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James Carroll Beckwith

The Veronese Print (Black Chalk and Pastel), ca. 1890

James Carroll Beckwith (1852 – 1917)

James Carroll Beckwith was a landscape, portrait and genre painter whose style ranged from academic to impressionist. He is best known for portrait and genre subjects, was skilled in mural painting, and was highly respected as an art educator.

Born in Hannibal, Missouri in 1852, Beckwith, who intensely disliked his first name of James, had childhood education at several New York and Ohio military academies, but at age nine, was withdrawn because of severe inflammatory rheumatism. The remainder of his life was troubled by ill health.

He moved with his parents to Chicago, and, showing art talent, was enrolled at the Chicago Academy of Design. His good friend was Frederick Stuart Church, and they took instruction together drawing from the antique under the tutelage of Conrad Diehl.

In 1871, Beckwith’s father’s merchant business was destroyed by the Chicago fire, so the family moved to New York City. There Beckwith enrolled in the antique class at the National Academy of Design under Lemuel Wilmarth. Although poor health led to irregular class attendance, Wilmarth remained very encouraging, and the next year Beckwith was accepted in the life class. Among his fellow students were George Bellows, J. Alden Weir, Albert Pinkham Ryder, and his Chicago friend, Frederick Church who also had moved to New York. During this time Beckwith was helped financially by a wealthy uncle and art patron, John H. Sherwood.

In October, 1873, Beckwith sailed for England, and spent the next five years abroad, living primarily in Paris where he entered the studio of Emile Carolus-Duran. Of this period, he later wrote: “I think my real Art life began.”

Carolus-Duran’s reputation was for painterly, flashy portraiture, and Beckwith, one of his favored students, became his chief studio assistant. Together with John Singer Sargent and Frank Fowler, he helped Duran in 1877 with the Luxembourg Palace ceiling decoration, The Apotheosis of Marie de Medici. With Sargent, Beckwith shared a studio in Paris, and they developed a lifelong friendship. In fact, the American students of Duran were regarded as renegades, and they tended to band together, often sharing travels. With a group of ‘renegades’ in Munich in 1875, Beckwith met William Merritt Chase, whom he declared was “the greatest American student in Europe.”

Realizing that his stylistic inclinations differed from Carolus-Duran and that he needed training other than with this mentor, Beckwith enrolled in the Academie Suisse and studied evenings with Leon Bonnat. In 1875, having failed at his first attempt, he was admitted to the Ecole des Beaux Arts where he attended classes but also remained fully committed to his duties with Carolus-Duran.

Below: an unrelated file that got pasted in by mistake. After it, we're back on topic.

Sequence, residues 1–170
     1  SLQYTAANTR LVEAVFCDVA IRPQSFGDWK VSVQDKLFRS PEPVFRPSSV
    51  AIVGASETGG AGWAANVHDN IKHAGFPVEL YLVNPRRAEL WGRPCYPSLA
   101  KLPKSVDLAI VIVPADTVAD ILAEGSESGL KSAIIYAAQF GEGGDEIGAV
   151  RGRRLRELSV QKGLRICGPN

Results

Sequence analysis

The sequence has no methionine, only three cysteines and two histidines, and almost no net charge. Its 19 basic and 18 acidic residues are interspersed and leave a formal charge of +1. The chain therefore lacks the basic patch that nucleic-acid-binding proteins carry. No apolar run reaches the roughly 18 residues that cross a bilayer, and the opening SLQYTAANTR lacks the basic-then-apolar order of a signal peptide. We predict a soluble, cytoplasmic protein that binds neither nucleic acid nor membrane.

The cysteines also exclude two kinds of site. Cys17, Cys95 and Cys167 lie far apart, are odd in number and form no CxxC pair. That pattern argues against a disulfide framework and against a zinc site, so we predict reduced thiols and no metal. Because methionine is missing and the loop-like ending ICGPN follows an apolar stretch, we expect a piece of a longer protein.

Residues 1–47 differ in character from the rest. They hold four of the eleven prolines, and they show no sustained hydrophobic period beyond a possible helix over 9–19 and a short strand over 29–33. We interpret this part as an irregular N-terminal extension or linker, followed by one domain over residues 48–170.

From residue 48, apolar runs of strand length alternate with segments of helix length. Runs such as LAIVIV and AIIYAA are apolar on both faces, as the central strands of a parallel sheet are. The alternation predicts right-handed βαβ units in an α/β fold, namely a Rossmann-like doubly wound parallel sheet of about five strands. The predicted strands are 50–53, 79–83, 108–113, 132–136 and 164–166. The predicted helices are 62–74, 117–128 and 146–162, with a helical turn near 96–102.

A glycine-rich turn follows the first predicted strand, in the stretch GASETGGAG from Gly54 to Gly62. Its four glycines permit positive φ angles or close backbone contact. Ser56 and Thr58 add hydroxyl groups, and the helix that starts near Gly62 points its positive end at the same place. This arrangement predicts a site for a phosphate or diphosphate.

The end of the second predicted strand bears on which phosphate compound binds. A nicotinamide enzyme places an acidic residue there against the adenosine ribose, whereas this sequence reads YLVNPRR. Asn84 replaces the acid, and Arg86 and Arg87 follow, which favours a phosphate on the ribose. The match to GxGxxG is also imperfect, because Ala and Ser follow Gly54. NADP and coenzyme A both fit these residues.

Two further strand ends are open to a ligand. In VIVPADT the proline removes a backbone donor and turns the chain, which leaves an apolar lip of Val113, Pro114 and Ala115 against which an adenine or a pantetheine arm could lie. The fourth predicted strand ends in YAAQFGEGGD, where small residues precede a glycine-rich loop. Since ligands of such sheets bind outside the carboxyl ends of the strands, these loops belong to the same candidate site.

Beckwith returned to New York in 1878, and he and William Merritt Chase were hired at the same time as instructors at the Art Students League. Known as “Becky” and adhering to strict academic drawing strictures, he held this position for the next twenty years. “Chase’s freer painting class was seen as a foil to the rigor of Beckwith’s method.” Beckwith also taught classes at the Brooklyn Art Guild and Cooper Union.

Following his time in Europe, he devoted his own painting to portraits and idealized female figures. He moved into the Sherwood Studio Building, owned by his uncle, on 57th and 6th Avenue, and remained there until 1910, when he went to Italy. He exhibited annually at the National Academy of Design from 1877 until his death in 1917. He was active with the Society of Painters in Pastel, American Watercolor Society and Society of American Artists, which he served as treasurer from 1881 to 1887. In 1884, Beckwith and William Merritt Chase organized an exhibition to raise funds to construct the pedastal for the Statue of Liberty, and then Beckwith served on that Council from 1895 to 1901. For the 1893 Chicago World’s Fair Exposition, he painted murals for the dome of the Manufactures and Liberal Arts Building.

Beckwith received several awards including Honorable mention at the Paris Exposition of 1889 and Gold Medal at the Atlanta Exposition, 1895.

Selling the contents of his studio, he with his wife, Bertha, moved to Italy for two years, 1910 to 1912, where he did landscape sketches. Then he returned to New York City, but felt increasingly out of touch with the times because his conservative style of painting was not in accord with changing tastes and was not earning the money he had hoped. In 1917, just before his death, he was in California, visiting his friend, Thomas Moran, who was eighty years old. Returning to New York state to his summer home in Onteora, he began writing his autobiography, Souvenirs and Reminiscenses, but he died before completion. His wife donated the manuscript, which covered the years of 1871 to 1917, to the National Academy of Design where it remains in the archives.

Of the career of James Carroll Beckwith, it was written: “In the minds of his fellow artists, the name of J. Carroll Beckwith stood for an unwavering commitment to the highest ideals of academic art. Throughout his career Beckwith remained true to his French training, first as a young portrait painter fresh from years of Parisian study, then as an influential teacher of careful, accurate drawing and finally as an uncompromising conservative bemoaning the state of early-twentieth-century art.”

Compiled by Lonnie Pierson Dunbier

Source:
John Davis, “James Carroll Beckwith”, Painters and Sculpture in the Collection of the National Academy of Design, Volume 2, 1826-1925, David B. Dearinger, General Editor, p. 35.

Biography from the Archives of AskART